Summarising (and thus communicating) information
In the last episode, we introduced the concept of mind mapping. It is a technique that allows the brain to use Hunt’s L-mode and R-mode brain “wetware.” It is an ideal planning, summarizing, and communication tool for use in any creation company.
In day one of this course, we looked briefly at Deming’s seven deadly diseases of western management. Deming also had 14 points for good management. Here is a mind map that summarizes both Deming’s 14 obligations for managers and the seven deadly diseases. This demonstrates the ability of the mind map to summarize complex data; here, there are 21 total points summarized through the use of only ten groupings. Not only does the mind map enable a big list of ideas to be summarized clearly on one sheet of paper, but this also helps to prevent overloading the working memory, making it much easier to memorize and remember the information (in fact, mind mapping was originally devised as a memory/study tool).
All of Deming’s 14 points fit very coherently into the ethos of a creation company.
We’ve already covered Deming’s seven deadly diseases of western management in episode two, but let’s take this opportunity to have a quick overview of Deming’s 14 obligations for management using the mind map above as our guide. Mind mapping is great for convergent thinking and reducing complexity (multiple ideas) to a simpler format (fewer categories). The numbers on the mind map show Deming’s original numbering of the 14 points, while the numbers in the text below show the order on the mind map.
1. Deming suggested that organizations should adopt what he called the “new philosophy.” If you read up on this, you’ll see that his new philosophy took a “new science” approach to human behavior, management, and learning.
2. Particularly important was the need for leaders to adopt a constancy of purpose for the business. This is then something that never waivers with time—something that all staff can use as a guide for their individual interactions with customers and suppliers. In 2009, Simon Sinek (“Start with the Why”), in one of the most-viewed TED talks, told us the importance of purpose, but Deming was there over 50 years earlier!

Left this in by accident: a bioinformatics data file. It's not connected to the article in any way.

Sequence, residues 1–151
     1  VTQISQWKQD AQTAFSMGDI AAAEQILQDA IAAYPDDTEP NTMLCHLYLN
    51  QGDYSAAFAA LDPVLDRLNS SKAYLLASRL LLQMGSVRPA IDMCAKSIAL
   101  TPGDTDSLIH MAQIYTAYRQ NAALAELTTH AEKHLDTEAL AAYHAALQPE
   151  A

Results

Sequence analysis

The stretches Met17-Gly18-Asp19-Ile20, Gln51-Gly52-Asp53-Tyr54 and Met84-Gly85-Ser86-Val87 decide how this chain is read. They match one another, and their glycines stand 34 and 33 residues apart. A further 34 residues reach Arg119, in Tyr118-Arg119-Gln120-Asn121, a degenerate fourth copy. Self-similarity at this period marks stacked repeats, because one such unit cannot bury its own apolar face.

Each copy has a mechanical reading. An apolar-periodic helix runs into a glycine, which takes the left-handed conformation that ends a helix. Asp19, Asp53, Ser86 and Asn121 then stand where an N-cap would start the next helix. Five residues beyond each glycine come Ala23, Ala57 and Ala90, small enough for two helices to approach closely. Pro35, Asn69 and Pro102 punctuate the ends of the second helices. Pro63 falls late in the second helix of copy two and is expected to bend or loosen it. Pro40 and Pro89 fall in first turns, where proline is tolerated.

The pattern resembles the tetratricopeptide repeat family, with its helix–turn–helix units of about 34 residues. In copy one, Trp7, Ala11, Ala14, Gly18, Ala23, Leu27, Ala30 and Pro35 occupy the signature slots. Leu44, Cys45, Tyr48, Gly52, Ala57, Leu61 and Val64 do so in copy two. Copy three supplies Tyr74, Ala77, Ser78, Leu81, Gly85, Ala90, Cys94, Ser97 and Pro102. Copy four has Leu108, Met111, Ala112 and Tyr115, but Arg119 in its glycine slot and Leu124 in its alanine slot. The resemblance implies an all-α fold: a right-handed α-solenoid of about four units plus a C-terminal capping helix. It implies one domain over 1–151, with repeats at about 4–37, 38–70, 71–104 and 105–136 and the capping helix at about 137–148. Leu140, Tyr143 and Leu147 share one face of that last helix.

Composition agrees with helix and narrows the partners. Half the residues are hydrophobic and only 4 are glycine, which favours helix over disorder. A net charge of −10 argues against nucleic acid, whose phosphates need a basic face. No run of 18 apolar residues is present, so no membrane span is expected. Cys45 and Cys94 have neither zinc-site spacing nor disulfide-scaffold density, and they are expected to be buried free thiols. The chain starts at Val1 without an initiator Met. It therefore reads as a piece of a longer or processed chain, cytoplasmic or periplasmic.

3. Deming also spoke about the need for organizations to adopt a program of self-development for all staff (and leaders should lead with this and not exclude themselves from personal development). Today, it is much easier (thanks to learning platforms like Lynda, Teachable, and Udemy) for staff to identify their own learning needs and take action, with the business providing some or all of the funding to do this.
Leaders were obligated to institute:
4. A program of continual improvement throughout the business to ensure the work system and processes were optimized.
5. A program to encourage and develop leaders and leadership skills from within the business, knowing that a company can display stunning growth and improvement if potential leaders are identified and encouraged.
6. A program of training on the job (he was not a fan of blanket training for everyone, nor for training in the lecture room).
Then Deming said there were a series of things that leaders were obligated to eliminate (some of these overlap with the seven deadly diseases):
7. Drive out fear throughout the organization (and stop playing the blame game, which Deming recognized as always sabotaging improvement of the system).
8. Eliminate quotas (look this up if you want to know more!).
8. Eliminate the barriers to employees’ pride in their work.
10. Eliminate all those so-called “motivational” slogans based on old psychology thinking.
11. Remove departmental barriers and inter-departmental competition that only serve to sub-optimize the business system.
And there were two things that leaders had to stop doing:
12. Cease the dependence on mass inspection. Instead of inspecting the product for quality after production, infuse quality at the beginning using process improvement techniques to ensure no raw materials were wasted for the sake of quality.
13. Cease the practice of lower-cost tendering, which led to suppliers cutting corners in order to win the tender.
Deming was passionate that transformation was everyone’s business.
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